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Suppose I've got svn repository A which contains a bunch of directories: trunk/dir1 trunk/dir2 trunk/dir3 ...

I want to use a subset of these directories in repository B. One way to do this would be to set an svn:externals property that would just bring in all of A: A https://path/to/A/trunk.

Since I only want a subset of these directories though, I'd rather bring in just what I need. This is fine - I can set the property to only bring in say dir1 and dir2

dir1 https://path/to/A/trunk/dir1
dir2 https://path/to/A/trunk/dir2

This does what I want, and it does seem to make my checkout quicker when A contains a ton of directories I don't want. What I've noticed though is that when I go to do an svn update (particularly when nothing has actually been updated in A), this takes a lot longer since it has to check each directory listed in the svn:externals property to see if the revision has changed... when I just svn:externals in the whole trunk, the svn update is quicker because it just has to check one directory.

Effectively what I'm looking for is some syntax that would represent that I want multiple subdirectories but that since they're all subdirectories that svn only has to check the revision history once. Notionally, something like this:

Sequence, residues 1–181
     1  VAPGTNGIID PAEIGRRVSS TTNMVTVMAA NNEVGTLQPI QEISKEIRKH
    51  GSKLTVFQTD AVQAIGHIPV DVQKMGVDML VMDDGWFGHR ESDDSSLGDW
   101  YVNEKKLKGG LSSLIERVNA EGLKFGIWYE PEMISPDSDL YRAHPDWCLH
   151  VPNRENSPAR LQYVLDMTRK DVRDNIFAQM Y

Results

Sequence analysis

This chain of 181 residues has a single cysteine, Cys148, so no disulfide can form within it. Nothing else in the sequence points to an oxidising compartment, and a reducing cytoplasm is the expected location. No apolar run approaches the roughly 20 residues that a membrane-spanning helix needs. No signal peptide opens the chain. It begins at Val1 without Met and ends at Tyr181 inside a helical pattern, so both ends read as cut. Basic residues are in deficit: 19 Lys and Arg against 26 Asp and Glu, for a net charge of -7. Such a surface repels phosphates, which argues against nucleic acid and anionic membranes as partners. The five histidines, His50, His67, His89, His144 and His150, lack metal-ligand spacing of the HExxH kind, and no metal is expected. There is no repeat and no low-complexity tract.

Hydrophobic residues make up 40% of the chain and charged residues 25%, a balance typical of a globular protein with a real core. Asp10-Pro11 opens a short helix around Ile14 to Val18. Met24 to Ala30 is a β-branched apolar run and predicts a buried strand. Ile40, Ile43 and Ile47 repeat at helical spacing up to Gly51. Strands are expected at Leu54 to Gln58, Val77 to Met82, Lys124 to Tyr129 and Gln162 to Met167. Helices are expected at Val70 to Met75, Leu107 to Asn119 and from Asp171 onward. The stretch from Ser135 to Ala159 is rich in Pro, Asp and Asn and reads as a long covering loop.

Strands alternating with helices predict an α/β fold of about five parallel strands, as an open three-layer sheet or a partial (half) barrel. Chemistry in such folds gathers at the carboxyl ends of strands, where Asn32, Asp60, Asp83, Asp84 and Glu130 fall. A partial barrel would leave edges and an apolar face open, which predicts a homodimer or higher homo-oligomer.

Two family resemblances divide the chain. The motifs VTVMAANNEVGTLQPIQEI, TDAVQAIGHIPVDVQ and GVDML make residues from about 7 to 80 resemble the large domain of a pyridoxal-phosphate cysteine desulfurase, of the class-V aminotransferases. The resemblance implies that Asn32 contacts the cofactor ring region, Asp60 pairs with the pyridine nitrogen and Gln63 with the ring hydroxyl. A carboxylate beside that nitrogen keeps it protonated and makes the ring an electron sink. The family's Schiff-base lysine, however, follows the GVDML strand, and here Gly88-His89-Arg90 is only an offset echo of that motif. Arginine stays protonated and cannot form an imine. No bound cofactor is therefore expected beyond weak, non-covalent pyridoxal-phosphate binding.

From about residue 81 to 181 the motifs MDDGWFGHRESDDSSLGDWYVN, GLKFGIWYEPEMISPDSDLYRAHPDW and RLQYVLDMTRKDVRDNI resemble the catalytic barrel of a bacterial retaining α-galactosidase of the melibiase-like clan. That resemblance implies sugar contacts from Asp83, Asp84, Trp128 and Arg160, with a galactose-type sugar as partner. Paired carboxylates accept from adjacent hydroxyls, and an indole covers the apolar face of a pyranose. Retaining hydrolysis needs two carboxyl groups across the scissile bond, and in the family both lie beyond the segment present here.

dir1,dir2 https://csdrepos/path/to/A/trunk/dir1,dir2

I can't find reference to any syntax like this... is there no way to do this? Any other tips on how I might speed up my svn updates without needing to svn:externals in the kitchen sink and slow down my initial checkout? I can't really reorganize the directory structure of A because different repos will want a different subset of A's directories.

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I think the main question is: Are the different dirs of A not actually worth to be put in separate repos? That would fix your issue. – Paul Dec 14 '12 at 15:28
    
Short answer is no, I think the different dirs in A all belong in the same repository... it's analogous to if you were svn:externals'ing in something like boost - there's a ton of code in boost that's related and builds off itself, so it makes sense from boost's end that it's all together, but as an individual user you may want only a particular subset of it. – Adam Dec 14 '12 at 16:37

Taking your comment into account the most efficient solution seems to include the external in a 'special' folder (e.g. /ext)

Then adding symlinks to the relevant folders in /ext in the place you want.

The result is only a single 'external' download and only the relevant directories cluttering your listing in the places you want.

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